Detecting Credential Theft Attacks
Attackers leverage a wide variety of techniques to perform credential harvesting attacks or email account compromise, to steal credentials or capture other personal information, often from fake login pages. The ability to impersonate business applications and relationships makes users a target for credential theft and email account compromise.
Suspicious and Malicious URL Detection
URLs are easy to manipulate so that no two are delivered the same and are a top threat vector within spear phishing attacks. With GreatHorn, all URLs are inspected upon delivery to identify and detect malicious websites, but also detects suspicious URLs that turn malicious, using time-of-click analysis and computer vision.
GreatHorn analyzes all communication patterns between senders and recipients using behavioral analytics within our AI and ML models, providing organizations with immediate detection and insight into anomalous emails.
End User Education
Provide users with the context they need to help them make better decisions by applying automated and customized smart banners, Mailbox Intelligence, Suspicious Link pages, and more, to prevent users from having their corporate credentials stolen.
How do credentials become compromised?
Information and data between individuals and organizations is most often worked on through online collaboration platforms (i.e. Microsoft SharePoint, Google Docs, DocuSign, etc). Instead of sending this information as an attachment, data is shared through email using links to documents. And, when accessing this information, users must first use their corporate credentials to authenticate and login to the platform.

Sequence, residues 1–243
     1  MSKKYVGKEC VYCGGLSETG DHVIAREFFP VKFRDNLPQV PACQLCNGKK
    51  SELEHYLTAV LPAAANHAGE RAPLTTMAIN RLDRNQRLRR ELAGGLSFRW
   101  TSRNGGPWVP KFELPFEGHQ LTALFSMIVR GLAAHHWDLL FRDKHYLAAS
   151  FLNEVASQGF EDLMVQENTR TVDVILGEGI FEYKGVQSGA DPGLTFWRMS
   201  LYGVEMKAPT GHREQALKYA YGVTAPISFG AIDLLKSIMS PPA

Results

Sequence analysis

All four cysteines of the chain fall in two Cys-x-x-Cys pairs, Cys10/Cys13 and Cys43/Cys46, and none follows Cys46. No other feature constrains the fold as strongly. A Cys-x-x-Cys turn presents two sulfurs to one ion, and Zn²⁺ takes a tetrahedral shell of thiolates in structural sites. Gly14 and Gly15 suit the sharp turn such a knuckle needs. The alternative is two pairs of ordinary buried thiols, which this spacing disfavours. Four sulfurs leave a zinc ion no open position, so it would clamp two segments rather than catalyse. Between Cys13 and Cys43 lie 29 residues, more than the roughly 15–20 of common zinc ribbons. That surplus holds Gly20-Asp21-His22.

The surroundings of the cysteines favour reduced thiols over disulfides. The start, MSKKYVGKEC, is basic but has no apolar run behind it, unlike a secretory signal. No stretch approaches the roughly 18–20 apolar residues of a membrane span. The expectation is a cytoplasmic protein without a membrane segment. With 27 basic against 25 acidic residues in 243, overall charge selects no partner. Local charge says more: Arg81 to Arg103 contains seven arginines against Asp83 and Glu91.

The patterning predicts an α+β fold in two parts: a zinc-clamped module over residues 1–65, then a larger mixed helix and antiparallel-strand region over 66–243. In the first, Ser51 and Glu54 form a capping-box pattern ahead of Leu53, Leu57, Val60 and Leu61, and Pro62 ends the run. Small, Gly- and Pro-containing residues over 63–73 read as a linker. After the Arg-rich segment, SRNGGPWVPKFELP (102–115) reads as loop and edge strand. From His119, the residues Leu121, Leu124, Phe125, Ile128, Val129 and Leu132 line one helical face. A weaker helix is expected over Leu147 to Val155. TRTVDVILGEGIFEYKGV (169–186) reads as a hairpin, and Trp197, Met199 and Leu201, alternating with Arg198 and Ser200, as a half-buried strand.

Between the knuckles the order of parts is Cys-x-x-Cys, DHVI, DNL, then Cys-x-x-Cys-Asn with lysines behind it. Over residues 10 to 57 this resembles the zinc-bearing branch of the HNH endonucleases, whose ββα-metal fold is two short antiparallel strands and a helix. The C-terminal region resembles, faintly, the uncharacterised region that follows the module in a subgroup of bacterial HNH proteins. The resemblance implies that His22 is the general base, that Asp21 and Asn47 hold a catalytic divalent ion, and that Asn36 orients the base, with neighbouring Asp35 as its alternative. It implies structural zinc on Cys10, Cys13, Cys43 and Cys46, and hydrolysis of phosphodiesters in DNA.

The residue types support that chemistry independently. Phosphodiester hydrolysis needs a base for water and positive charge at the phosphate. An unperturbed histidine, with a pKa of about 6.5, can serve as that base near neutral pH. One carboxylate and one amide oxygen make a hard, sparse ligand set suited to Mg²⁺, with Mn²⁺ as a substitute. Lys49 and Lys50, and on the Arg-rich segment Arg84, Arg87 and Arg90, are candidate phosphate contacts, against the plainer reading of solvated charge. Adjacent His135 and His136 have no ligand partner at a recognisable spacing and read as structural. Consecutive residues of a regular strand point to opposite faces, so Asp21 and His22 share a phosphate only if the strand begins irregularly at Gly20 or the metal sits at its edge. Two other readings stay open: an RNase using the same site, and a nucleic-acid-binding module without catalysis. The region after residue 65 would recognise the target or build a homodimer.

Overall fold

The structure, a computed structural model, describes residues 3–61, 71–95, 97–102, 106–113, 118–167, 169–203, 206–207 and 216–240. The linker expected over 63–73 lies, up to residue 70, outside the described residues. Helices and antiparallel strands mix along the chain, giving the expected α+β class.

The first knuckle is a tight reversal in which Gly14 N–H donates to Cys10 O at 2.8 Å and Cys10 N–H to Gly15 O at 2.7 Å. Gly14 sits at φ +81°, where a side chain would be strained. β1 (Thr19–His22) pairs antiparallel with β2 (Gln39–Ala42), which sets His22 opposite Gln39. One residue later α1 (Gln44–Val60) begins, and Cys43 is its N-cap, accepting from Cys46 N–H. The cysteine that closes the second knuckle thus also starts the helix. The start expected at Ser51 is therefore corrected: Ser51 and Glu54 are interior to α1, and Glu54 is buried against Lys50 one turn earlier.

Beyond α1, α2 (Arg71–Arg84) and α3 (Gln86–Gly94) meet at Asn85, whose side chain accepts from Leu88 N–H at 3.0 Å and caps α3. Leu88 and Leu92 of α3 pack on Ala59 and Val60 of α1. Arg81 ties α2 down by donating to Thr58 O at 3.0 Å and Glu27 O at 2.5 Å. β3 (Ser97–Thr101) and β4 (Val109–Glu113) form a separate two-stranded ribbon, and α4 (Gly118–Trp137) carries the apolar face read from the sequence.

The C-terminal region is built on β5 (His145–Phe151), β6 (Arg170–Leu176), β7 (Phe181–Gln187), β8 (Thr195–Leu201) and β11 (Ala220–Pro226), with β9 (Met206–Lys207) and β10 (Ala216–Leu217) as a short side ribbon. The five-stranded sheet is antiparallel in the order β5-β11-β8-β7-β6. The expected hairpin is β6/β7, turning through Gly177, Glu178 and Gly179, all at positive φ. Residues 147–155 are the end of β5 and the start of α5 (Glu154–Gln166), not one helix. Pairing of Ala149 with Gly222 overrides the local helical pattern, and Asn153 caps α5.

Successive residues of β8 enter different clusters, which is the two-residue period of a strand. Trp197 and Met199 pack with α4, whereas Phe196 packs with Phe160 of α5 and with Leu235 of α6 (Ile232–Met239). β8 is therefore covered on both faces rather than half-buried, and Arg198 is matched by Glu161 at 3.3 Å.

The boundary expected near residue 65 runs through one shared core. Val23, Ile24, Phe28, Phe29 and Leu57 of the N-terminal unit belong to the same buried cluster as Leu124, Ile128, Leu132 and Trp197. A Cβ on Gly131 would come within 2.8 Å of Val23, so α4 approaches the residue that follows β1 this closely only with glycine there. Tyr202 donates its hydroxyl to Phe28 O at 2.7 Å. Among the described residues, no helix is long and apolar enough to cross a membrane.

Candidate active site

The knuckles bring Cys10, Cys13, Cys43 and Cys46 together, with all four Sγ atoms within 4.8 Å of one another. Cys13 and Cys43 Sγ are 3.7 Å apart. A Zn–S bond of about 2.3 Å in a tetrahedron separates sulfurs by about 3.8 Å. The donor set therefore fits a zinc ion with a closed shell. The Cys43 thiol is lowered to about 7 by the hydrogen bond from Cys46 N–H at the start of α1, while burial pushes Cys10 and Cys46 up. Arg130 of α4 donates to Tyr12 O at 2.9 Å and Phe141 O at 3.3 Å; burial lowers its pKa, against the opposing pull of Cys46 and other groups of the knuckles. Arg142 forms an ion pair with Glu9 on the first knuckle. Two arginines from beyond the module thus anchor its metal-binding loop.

Threat actors use phishing emails, impersonating legitimate collaboration platforms with links to credential harvesting webpages, stealing credentials. Once the threat actor has gained access to corporate credentials, they can take the compromised passwords to steal personal information and corporate information, resulting in data breaches.
How do I know if my account is compromised?
Many organizations do not have the security systems in place to identify if an account was compromised. However, multi factor authentication (MFA) is one of the protocols most commonly used to protect against stolen credentials and the subsequent access to corporate information. MFA requires more than one method of authentication in order to verify a user’s identity. For more information on MFA, click here.
Biometric authentication is a more secure way of identifying compromised accounts. By using biometric authentication, an organization can capture an employee’s unique typing pattern to verify an employee’s identity, including keystroke speed, pressure, and timing, to reduce exposure from any compromised accounts, prevent emails from being sent, and notify administrators of compromised passwords. For more information on how to protect again account takeovers, click here.
What percentage of cyber incidents are a result of compromised credentials?
Compromised credentials are the top vector by which threat actors gains access to an organization, resulting in 61 percent of all breaches*. With the ability of threat actors to identify high value targets (HVTs), with privileged access to systems and networks, combined with the use of spear phishing to steal corporate credentials, organizations can easily become of victim of a data breach.